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|Thursday 8th July 2010|
|08/07/2010 - SME's late payment|
SMEs could do more to tackle crippling late payments, says Peter Baulf from city Solicitors Gill Akaster LLP.
Small and medium sized enterprises (SMEs) in the UK are overlooking ways to protect against potentially crippling cash-flow problems, warns Gill Akaster.
SMEs have to wait an average of 41 days longer than the time scale for payment agreed with their customers before receiving payments, while £24billion is owed to SMEs at any one time. Recent research shows that that 37 per cent of late payers take between one and three months to pay invoices.*
With the increase in VAT to 20 per cent expected to worsen the SME cash flow problem, we are urging small businesses to guard against late payment.
Peter says that not enough businesses are aware of the protections available to them which safeguard against cash flow blockages. Solicitors will be able to help SMEs take advantage of these.
Peter Baulf, Litigation Solicitor says:
"Average commercial debts caused by late payments are high in the UK, and for SMEs a lack of cash flow can be crippling. With credit less available to those businesses from banks, late payments have a far more serious consequence for SMEs.
"Considering the amount of red tape SMEs and start-ups are faced with, it is no surprise that seeking protection against late payment from customers does not come top of the to-do list. However, it could be the difference between the business surviving or not, especially in the uncertain economic climate.
"A carefully worded contract drawn up by a solicitor between a business and their commercial customers can include clear terms on late payments, including penalty clauses and strict time frames for payment. Such terms can act as an effective deterrent for late payment and encourage timely payment for services, thus avoiding these terms coming into play."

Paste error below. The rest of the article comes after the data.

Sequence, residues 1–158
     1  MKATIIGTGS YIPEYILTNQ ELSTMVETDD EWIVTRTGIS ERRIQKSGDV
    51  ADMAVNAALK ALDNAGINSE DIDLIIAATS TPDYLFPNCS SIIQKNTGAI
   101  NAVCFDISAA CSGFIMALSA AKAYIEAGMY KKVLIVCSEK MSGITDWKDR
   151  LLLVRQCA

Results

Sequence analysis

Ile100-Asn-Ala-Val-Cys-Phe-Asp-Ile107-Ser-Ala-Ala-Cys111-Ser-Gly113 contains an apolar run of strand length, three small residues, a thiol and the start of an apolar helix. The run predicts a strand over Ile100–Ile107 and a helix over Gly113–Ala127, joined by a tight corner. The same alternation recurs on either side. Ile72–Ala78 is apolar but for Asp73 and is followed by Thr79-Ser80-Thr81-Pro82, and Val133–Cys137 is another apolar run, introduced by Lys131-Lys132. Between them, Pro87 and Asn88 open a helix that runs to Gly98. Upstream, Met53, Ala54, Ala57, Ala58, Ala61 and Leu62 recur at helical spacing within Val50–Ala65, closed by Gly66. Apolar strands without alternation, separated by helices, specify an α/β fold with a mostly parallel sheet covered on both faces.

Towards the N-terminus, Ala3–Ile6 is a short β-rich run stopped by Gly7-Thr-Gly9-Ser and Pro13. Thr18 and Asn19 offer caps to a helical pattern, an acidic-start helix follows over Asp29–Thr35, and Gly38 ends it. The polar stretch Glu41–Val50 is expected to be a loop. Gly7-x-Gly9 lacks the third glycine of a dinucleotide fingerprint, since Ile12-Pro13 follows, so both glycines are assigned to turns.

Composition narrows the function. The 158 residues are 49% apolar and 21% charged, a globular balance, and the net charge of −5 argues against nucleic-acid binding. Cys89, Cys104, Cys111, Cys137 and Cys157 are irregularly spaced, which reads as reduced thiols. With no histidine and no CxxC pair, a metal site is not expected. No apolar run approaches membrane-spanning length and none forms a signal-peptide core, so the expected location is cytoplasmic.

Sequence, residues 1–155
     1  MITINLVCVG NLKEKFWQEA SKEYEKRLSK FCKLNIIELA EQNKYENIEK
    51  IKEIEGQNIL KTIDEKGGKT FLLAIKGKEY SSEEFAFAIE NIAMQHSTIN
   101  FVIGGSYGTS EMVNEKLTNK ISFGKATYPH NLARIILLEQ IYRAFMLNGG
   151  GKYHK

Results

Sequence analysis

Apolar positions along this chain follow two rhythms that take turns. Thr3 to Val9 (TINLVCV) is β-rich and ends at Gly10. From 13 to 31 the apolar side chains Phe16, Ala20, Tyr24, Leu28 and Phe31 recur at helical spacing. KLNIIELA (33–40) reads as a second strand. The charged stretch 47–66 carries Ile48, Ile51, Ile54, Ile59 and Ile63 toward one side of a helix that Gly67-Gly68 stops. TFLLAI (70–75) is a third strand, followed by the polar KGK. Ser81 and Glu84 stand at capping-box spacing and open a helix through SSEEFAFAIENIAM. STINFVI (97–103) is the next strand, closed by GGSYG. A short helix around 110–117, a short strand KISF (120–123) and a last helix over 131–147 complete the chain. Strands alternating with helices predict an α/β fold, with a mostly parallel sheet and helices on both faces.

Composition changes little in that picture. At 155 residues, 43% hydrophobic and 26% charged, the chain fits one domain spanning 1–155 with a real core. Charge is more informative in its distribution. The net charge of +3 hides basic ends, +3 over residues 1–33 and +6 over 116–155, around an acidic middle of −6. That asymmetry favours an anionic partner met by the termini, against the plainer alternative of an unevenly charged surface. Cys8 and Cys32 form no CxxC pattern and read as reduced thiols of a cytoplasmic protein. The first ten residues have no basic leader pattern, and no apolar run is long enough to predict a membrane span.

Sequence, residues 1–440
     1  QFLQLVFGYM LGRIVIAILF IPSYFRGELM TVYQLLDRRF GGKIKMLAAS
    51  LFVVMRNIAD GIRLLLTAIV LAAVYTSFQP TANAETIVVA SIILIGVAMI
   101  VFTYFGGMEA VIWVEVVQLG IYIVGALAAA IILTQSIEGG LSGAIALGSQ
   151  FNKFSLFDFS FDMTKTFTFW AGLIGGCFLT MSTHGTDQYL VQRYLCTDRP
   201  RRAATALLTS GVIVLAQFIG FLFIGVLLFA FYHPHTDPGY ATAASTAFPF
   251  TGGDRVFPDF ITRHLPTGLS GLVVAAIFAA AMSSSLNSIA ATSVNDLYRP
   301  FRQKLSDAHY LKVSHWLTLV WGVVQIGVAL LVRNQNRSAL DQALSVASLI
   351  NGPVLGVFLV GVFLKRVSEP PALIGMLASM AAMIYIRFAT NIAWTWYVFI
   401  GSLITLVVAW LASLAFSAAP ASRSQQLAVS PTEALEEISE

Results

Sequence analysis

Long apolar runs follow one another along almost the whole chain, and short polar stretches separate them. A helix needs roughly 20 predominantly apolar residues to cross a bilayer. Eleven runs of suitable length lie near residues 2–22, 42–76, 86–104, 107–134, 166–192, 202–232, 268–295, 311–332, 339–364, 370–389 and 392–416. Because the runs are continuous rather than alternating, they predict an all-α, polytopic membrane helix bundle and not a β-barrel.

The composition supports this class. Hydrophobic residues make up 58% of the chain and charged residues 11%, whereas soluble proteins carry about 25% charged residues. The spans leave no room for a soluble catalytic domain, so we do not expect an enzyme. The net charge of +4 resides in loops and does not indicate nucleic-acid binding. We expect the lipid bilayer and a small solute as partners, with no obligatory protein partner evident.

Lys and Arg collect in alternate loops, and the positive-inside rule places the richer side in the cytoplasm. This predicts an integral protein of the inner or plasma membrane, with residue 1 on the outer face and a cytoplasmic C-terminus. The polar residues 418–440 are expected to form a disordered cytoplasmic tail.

Peter also says that contracts between businesses which include late payment clauses need to become a common feature of the SME market. The European Union is currently looking at updating a directive aimed at tackling late payments such is the impact on the SME sector across Europe as a whole.
Mr Baulf adds: "Many smaller businesses perhaps felt the recent budget did not do enough to tackle cash flow problems head on, and although the EU is looking at it, the safest bet is to protect against cash flow blockage between the customer and the business with a solid, solicitor-drafted contract."
The Law Society and Gill Akaster Solicitors say that should SMEs and start-ups hit problems with customers failing to meet payment deadlines, court is not the only next-step option. Alternative Dispute Resolution and mediation are alternatives for SMEs.
Mr Baulf says: "There is a presumption that going to court is the only course of action when late payments cannot be resolved. However, many solicitors specialise in ADR and mediation, which can prove an effective way of solving the problems for SMEs and other businesses. ADR and well-drafted contracts can be effective in avoiding the last option, going court."
Notes to editors:
Figures sourced from Bacs www.bacs.co.uk research (December 2009) and the Forum for Private Business www.fpb.org.uk
Contact Peter Baulf of Gill Akaster LLP on 01752-203585.
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